In answer to a question after the end of his lecture on risk, robustness, and avoiding catastrophe, (at minute 44.39) Taleb was asked a question about the risk posed by religious people who might want to destroy the earth with some super weapon out of kindness. Apocalyptarians, let us call them. (Taleb is the author of The Black Swan, and a new book, Antifragile, Things that Gain from Disorder.)
Taleb makes several important and surprizing points. He is not so much in favour of religion as against attacks on religion. First, he responds, every time people abandon formal religious beliefs, nature abhors the vacuum. People become prey to nationalism, socialism, and other modern over-rational adventures which have led to more war. The most Catholic societies of Europe, having abandoned Roman Catholicism, with its strictures against borrowing and lending, have taken on the most debt: Ireland, Italy, Spain, Portugal. They cease to believe in God and start believing economists, for example.
Second, he trashes modern atheists like Dennett and Dawkins for having no idea of what science really is. Taleb says every real scientist knows we do not know, how little we know and how provisionally what we do know is known. The modern atheists have an absurd belief in the certainty of science when it is not merely uncertain, but wrong.”There is no religious primitive more irrational than Dawkins in his use of probability”. We make millions of decisions that are probabilistic, because we have to.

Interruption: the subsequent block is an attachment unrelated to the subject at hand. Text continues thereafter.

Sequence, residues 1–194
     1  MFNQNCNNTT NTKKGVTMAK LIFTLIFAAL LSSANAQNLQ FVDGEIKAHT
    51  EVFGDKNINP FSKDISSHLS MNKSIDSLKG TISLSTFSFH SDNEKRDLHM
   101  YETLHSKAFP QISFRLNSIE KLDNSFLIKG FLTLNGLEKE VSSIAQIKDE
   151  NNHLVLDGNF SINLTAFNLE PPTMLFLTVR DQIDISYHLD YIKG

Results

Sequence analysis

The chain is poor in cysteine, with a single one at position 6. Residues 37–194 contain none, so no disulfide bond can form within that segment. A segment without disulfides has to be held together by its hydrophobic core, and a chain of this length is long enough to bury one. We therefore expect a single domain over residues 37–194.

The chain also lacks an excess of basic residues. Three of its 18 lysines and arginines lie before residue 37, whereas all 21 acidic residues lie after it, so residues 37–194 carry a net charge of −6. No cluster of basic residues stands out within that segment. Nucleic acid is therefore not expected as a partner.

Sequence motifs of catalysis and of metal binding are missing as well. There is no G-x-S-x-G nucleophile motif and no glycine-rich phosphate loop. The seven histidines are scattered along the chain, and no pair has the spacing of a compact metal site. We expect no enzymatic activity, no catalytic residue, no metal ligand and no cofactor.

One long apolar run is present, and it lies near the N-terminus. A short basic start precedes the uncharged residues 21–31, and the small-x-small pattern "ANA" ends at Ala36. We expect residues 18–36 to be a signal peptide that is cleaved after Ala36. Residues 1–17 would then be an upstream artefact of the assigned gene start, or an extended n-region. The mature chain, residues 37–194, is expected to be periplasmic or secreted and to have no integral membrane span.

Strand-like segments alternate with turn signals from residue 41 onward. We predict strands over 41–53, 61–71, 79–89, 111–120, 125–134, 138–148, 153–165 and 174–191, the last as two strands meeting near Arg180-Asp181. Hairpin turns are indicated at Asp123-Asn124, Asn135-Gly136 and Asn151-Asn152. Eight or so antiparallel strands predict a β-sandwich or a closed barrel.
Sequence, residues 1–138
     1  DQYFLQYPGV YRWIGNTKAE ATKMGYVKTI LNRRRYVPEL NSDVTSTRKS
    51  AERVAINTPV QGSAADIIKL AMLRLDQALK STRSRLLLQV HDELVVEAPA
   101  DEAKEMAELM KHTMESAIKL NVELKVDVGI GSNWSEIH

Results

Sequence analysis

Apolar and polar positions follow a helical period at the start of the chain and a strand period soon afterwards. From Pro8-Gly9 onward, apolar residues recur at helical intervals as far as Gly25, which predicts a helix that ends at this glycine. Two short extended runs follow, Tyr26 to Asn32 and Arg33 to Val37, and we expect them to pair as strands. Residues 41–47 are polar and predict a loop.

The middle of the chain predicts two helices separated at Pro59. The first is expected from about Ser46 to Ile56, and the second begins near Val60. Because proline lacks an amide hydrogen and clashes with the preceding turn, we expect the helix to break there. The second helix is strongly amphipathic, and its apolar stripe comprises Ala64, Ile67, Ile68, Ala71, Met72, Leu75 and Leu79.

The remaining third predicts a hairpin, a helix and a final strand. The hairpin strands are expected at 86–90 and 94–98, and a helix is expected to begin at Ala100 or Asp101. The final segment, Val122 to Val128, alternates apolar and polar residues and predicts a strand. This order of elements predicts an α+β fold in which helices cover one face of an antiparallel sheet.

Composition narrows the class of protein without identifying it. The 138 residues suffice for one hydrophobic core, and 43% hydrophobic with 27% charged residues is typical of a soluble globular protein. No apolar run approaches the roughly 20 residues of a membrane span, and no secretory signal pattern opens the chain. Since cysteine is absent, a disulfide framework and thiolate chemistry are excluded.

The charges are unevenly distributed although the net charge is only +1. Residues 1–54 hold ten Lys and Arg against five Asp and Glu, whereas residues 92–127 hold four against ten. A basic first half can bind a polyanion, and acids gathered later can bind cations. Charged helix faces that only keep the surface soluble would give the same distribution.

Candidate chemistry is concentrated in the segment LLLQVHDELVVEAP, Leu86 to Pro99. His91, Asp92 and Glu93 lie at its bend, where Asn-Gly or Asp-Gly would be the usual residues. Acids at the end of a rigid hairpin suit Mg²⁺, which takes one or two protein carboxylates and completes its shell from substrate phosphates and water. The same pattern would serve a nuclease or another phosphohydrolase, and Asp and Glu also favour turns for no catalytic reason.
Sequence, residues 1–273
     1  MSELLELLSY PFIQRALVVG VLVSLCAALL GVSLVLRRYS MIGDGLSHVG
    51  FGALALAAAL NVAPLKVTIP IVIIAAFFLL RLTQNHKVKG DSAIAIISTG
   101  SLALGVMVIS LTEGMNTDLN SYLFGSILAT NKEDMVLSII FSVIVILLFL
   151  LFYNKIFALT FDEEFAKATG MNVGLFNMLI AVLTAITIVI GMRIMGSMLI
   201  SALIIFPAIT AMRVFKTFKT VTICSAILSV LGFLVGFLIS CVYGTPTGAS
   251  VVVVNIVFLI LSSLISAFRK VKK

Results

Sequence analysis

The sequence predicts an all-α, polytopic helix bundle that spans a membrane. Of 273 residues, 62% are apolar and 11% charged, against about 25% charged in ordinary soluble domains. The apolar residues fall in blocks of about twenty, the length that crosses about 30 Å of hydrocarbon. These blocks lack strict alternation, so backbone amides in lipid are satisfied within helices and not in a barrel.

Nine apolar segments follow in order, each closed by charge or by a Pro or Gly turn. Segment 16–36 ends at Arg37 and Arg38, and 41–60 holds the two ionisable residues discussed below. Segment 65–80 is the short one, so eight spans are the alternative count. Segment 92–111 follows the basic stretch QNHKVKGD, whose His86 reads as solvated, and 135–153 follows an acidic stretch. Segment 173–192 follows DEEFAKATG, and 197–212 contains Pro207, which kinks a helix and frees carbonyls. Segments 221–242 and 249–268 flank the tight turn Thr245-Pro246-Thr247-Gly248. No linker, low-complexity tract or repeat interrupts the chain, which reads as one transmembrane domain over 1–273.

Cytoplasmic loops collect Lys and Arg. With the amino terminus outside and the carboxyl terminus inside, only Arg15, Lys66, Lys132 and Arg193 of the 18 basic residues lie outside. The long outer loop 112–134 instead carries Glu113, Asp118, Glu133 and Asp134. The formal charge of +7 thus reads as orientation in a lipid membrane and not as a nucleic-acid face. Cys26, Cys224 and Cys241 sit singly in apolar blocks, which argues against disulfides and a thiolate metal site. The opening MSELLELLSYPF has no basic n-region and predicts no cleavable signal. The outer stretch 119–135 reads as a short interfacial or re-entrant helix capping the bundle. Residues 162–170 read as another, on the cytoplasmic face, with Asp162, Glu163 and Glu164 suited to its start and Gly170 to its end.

Third, the more you suppress religion, the more it comes back with a vengeance. “You cannot get into a church in Russia today at vespers, it is standing room only.” Bang on it, and religion becomes more “anti-fragile”, hence robust.
He mentions Steven Pinker, in the following terms, “you know, one of yours, like Dawkins, simple mind, but writes books.” (How I envy that ability to dismiss in one phrase!).
Fourth, Taleb points out that belief is about trust, not about God. Most religion starts with rituals and only later evolves towards ideas of God. (I do not accept this but that is his argument) Religion is the via negativa, the path of avoidance of danger, of social behaviours against which we have no defence unless they are banned (say, lending money at interest). Religion is about risk reduction. Faith is a form of making human life robust; it is a trust that we can manage, not the world, but to survive in the world. Belief is not epistemic, about knowledge, it is about trust.
I extend credit to the universe, that is belief.
In passing, he makes mincemeat out of some contemporary fatuisms.
NB: Taleb, later in the speech, said: A “heuristic” is a rule that you modify when it does not work, where being wrong has a small cost. When the delivery date is changed, your heuristic for shopping for bread also changes smoothly. Example, buying bread on Tuesday because it is fresher. A “dogma” is something you do not modify even when it is shown to be wrong, because you will not allow it to be shown to be wrong.